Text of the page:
Mazzo was accused of breaking
into a garage and stealing a motor
cycle.
FREE STATE TIES UP
VALERA FUND HERE
Continued from First Page.
after having participated In treaty nego
tiations as economic and financial ad
viser to the Irish delegation. Since that
time he has conferred with members and
leaders of the Irregulars, from whom
he says he learned that they considered
that the present Provisional Government
of Ireland is not entitled to the property
in this country and should not be per
mitted to turn It over for the benefit of
the Irish Free State.
In July Smlddy was directed by Col
lins to ascertain what funds were de
posited here. Thereupon he talked with
Healy, a clerk in actual charge of the
New York office of the Dail. Smlddy
said that Healy. although fully aware
of his credentials as a representative of
Collins, refused to recognize any right
he might have and to.give any lnforma
tlon as to the funds here.
Smlddy also says that Healy's prede
cessor, Gilbert E. Ward, who is one of
the defendants, was discharged from the
New York office because he refused to
give information sought and sympa
thized with the Irregulars. He says
Healy since that time In the conduct of
the office, has continued to manifest
[sympathy with the1 Irregulars and has
given information either reluctantly or
has refused to give any Information at
all relating to the Irish funds.
Sees Trust Violated.
! When Healy was asked by Smlddy to
locate the funds he said he believed
there was some money on deposit with
the Harrlman National Bank. He later
said he had learned nothing further con
cerning other deposits. Smiddy then ob
tained certain information from Ireland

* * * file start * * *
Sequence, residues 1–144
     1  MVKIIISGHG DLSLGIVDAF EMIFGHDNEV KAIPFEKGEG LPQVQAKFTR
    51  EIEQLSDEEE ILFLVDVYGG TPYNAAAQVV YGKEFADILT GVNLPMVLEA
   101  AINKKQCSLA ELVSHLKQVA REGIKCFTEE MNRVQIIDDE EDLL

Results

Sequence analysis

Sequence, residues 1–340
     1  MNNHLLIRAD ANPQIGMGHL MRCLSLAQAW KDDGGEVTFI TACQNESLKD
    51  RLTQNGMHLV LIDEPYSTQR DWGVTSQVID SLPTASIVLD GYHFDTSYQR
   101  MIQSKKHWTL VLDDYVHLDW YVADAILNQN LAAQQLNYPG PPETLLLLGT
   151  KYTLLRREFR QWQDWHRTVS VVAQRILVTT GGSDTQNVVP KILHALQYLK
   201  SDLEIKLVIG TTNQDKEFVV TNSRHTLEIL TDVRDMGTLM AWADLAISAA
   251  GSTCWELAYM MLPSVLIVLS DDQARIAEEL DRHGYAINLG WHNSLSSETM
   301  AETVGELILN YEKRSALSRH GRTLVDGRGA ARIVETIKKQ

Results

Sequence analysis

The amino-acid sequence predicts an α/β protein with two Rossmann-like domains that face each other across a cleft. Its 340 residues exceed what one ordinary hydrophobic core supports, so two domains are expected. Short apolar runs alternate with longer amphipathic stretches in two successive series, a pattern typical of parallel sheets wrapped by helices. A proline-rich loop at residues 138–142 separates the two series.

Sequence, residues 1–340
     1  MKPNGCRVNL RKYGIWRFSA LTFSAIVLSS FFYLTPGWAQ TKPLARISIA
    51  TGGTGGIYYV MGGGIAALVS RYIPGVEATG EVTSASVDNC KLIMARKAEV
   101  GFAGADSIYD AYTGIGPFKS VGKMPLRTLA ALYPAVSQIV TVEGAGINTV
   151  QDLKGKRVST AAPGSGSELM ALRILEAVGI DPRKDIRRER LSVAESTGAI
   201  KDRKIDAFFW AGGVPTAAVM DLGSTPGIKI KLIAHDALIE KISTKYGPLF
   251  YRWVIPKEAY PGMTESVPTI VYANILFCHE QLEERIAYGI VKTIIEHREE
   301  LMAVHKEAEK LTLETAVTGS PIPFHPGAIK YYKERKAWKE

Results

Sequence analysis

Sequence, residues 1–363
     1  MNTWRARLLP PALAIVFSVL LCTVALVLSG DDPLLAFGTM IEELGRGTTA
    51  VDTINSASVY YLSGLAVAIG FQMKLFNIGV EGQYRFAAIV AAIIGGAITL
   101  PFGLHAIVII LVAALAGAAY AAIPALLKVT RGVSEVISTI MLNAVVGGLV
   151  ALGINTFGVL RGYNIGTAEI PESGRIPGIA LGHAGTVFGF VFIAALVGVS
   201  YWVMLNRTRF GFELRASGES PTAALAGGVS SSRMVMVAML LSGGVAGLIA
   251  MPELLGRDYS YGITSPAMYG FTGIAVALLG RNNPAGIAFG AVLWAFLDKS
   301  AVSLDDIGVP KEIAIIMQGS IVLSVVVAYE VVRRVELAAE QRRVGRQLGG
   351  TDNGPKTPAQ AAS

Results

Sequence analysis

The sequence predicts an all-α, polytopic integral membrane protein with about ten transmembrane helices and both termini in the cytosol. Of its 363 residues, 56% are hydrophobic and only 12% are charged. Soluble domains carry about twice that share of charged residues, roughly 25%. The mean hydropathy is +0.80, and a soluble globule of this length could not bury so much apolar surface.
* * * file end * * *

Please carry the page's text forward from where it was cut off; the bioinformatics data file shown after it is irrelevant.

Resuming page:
and interviewed the safe deposit com
panies. ascertaining that in May of this
year O'Mara rented safe deposit boxes
In his own name and In the name of
Ward. These two gave a power of at
torney to Healy, cards of the companies
show, he asserts.
Smlddy says he was informed by rep- |
resentatlves of the safe deposit com
panies that in June Healy had opened |
j some of the boxes. This was shortly
before the time when Healy said he i
knew nothing about the securities In i
question!. There is no Insinuation tna't!
Healy removed any of the securities I
from the boxes. All the acts of O'Mara,;
however. In renting the boxes and mak
ing the deposits, Smiddy says, were!
in violation of the trust agreement un- j
der which O'Mara obtained control of!
the funds, De Valera not being In this |
country at the time.
Law the Only Remedy.
Estimates as to the total amount of
money collected In this countrv largely
through the activity of De Valera and
his lieutenants have varied, the highest
estimates placing the amount at $7,000,
000. For a long tifne the money was
deposited in various banks in De
Valera's name, but was supposed to
be held in trust by a committee of three
consisting of De Valera, Bishop jFogarty
and James O'Mara. for the Irish Parlia
ment or Dail Eireann. When the Ilrsh
peace treaty was signed the Free State
Irish held that De Valera should no
longer have custody of the funds in
this country and that he ahould be de
prived of the right to make further
collections. The point was a matter of
discussion and argument In Irish circles
for a long time. Notwithstanding pro
tests, it Is asserted, at least $2."O,000 and
possibly much more, was withdrawn
from the fund early in this year.
This reported Incident, perhaps more
than any other one thing, led to a series
of quiet Inquiries as to the state of the
fund and the disbursements that had
been made from It from tim.? to time.
Those who were opposing the De Valera
faction contended after they started
these inquiries that they could get no
satisfactory information from D< Valera
or his secretary. Harry Boland, and
that from all Indications the whole af
fair was In a tangle It would take
monthH to straighten out.
Legal proceedings. It was agreed by
many, provided the only means of get
ting at the truth and conserving what
might be left of the fund. It Is believed
that those who held this opinion com
municated their views to Collins and
Griffith on the other side of the At
lantic and that the proceedings started
yesterday are the outcome.
The Plaintiffs.
The plaintiffs to the action. as set
forth In the moving papers are The Irish